Presidential Proclamation 10052 Expires

Morgan Lewis

Morgan Lewis

The Biden-Harris administration has allowed Presidential Proclamation 10052 (PP 10052) to expire as of March 31. PP 10052, implemented by the previous administration in June 2020, had suspended the issuance of certain nonimmigrant or temporary visas in several categories.

The categories include:

  • H-1B Specialty Occupation visas, and H-4 dependent family members;
  • H-2B Temporary Worker visas, and dependent family members;
  • J-1 visas, if seeking admission to participate in an intern, trainee, teacher, camp counselor, au pair, or summer work travel program, and J-2 dependent family members; and
  • L-1A and L-1B Intracompany Transferee visas, and L-2 dependent family members.

This proclamation essentially had the effect of blocking issuance of new visas in these categories to applicants abroad. Initially valid through the end of 2020, PP 10052 had been extended by former President Donald Trump through March 31, 2021.

The expiration of PP 10052 means that individuals who were previously subject to the proclamation will no longer be prohibited from applying for a visa in these categories, nor will such applicants be required to seek National Interest Exceptions (NIEs) to the proclamation. This will be highly beneficial for companies and employees seeking to resume global mobility.

Yesterday, the US Department of State announced that visa applicants who have not yet been interviewed or scheduled for an interview will have their applications prioritized and processed in accordance with existing phased resumption of visa services guidance. Visa applicants who were previously refused visas due to the restrictions of Presidential Proclamation 10052 may reapply by submitting a new application including a new fee. The State Department also confirmed that consulates are resuming routine visa services on a post-by-post basis, consistent with official guidance for safely returning staff to State Department facilities.

Notwithstanding the State Department announcement, the limited availability of visa appointments at US consular posts around the world will continue to raise challenges. US embassies and consulates continue to operate at limited capacity due to COVID-19, logistical difficulties, and country-specific lockdowns, and most consular posts are offering visa issuance appointment dates into the summer and fall of 2021, and even winter of 2022 at some locations. Moreover, with the recent lifting of Proclamation 10014, the Trump administration ban on processing of certain immigrant visas (green cards) abroad, many consulates are now prioritizing the processing of immigrant visas over nonimmigrant or temporary visas. There is currently a backlog of almost a half a million immigrant visa cases awaiting consular interviews.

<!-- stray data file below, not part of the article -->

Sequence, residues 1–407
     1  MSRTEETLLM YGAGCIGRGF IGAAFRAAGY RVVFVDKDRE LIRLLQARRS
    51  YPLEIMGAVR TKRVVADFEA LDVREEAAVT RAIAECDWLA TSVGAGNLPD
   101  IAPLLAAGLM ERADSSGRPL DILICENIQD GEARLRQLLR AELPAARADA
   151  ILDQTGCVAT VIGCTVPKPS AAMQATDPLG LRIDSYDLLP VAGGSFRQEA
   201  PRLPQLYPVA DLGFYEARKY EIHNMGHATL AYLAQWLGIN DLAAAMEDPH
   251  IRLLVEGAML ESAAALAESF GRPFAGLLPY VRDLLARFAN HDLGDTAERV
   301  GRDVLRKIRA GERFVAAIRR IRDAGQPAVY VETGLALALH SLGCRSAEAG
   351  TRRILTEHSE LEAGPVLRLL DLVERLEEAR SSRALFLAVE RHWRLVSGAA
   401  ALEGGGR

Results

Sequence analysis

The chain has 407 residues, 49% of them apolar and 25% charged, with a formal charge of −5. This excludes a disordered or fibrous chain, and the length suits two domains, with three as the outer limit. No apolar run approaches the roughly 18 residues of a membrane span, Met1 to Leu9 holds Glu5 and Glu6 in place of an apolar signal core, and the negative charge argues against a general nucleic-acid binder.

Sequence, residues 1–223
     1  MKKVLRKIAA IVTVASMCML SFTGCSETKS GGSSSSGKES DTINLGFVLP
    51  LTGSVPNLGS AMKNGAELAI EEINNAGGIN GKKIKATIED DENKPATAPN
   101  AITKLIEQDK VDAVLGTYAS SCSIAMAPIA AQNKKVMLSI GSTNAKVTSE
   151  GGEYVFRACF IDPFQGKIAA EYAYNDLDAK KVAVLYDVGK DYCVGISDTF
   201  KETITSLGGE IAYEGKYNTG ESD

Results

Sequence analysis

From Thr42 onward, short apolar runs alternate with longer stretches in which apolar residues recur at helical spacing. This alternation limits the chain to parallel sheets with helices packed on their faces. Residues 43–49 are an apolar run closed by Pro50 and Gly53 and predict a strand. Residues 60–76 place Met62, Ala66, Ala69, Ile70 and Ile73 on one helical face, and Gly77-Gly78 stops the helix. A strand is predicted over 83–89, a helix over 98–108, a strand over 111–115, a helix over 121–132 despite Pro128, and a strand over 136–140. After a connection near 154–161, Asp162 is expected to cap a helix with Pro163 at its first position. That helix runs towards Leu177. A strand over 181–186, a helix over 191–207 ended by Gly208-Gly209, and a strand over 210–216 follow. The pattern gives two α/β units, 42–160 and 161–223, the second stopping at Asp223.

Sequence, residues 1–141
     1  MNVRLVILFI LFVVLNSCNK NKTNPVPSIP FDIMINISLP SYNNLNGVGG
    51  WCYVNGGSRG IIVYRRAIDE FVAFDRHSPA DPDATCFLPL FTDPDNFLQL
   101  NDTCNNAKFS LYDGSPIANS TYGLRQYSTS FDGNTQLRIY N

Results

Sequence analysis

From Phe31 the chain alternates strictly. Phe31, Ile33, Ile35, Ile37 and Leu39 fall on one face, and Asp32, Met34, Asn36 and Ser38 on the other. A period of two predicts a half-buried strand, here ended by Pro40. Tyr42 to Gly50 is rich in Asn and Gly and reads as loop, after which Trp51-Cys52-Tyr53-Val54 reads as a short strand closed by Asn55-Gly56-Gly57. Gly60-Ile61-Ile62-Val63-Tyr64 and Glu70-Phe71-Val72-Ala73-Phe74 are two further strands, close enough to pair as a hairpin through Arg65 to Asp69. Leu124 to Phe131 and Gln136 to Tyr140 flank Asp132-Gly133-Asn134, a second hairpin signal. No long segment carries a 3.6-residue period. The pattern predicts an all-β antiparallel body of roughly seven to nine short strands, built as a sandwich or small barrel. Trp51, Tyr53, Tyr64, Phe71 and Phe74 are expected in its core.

Thus, although PP 10052 will no longer be in effect, it will likely remain difficult for applicants to secure a routine visa appointment, and many may need to rely on emergency appointment requests to secure visas in the immediate future. Furthermore, despite the expiration of PP 10052, the country-specific admission bans remain in effect. These COVID-19-specific travel bans restrict the admission of individuals who have been present in any of the following countries during the 14 days preceding their proposed entry to the United States: Brazil, China, Iran, Ireland, South Africa, United Kingdom (including England, Scotland, Wales, Northern Ireland, and the Republic of Ireland) and the Schengen area (which includes Austria, Belgium, Czech Republic, Denmark, Estonia, Finland, France, Germany, Greece, Hungary, Iceland, Italy, Latvia, Liechtenstein, Lithuania, Luxembourg, Malta, Netherlands, Norway, Poland, Portugal, Slovakia, Slovenia, Spain, Sweden, and Switzerland).

While these bans remain in effect, individuals present in any of these countries will not be able to secure a visa in any category unless they are preapproved for entry to the United States through the approval of an NIE to the COVID-19-related travel bans. Applicants in other countries not impacted by a COVID-19-related travel ban may have an easier time securing an appointment for nonimmigrant visa issuance.

[View source.]

DISCLAIMER: Because of the generality of this update, the information provided herein may not be applicable in all situations and should not be acted upon without specific legal advice based on particular situations.

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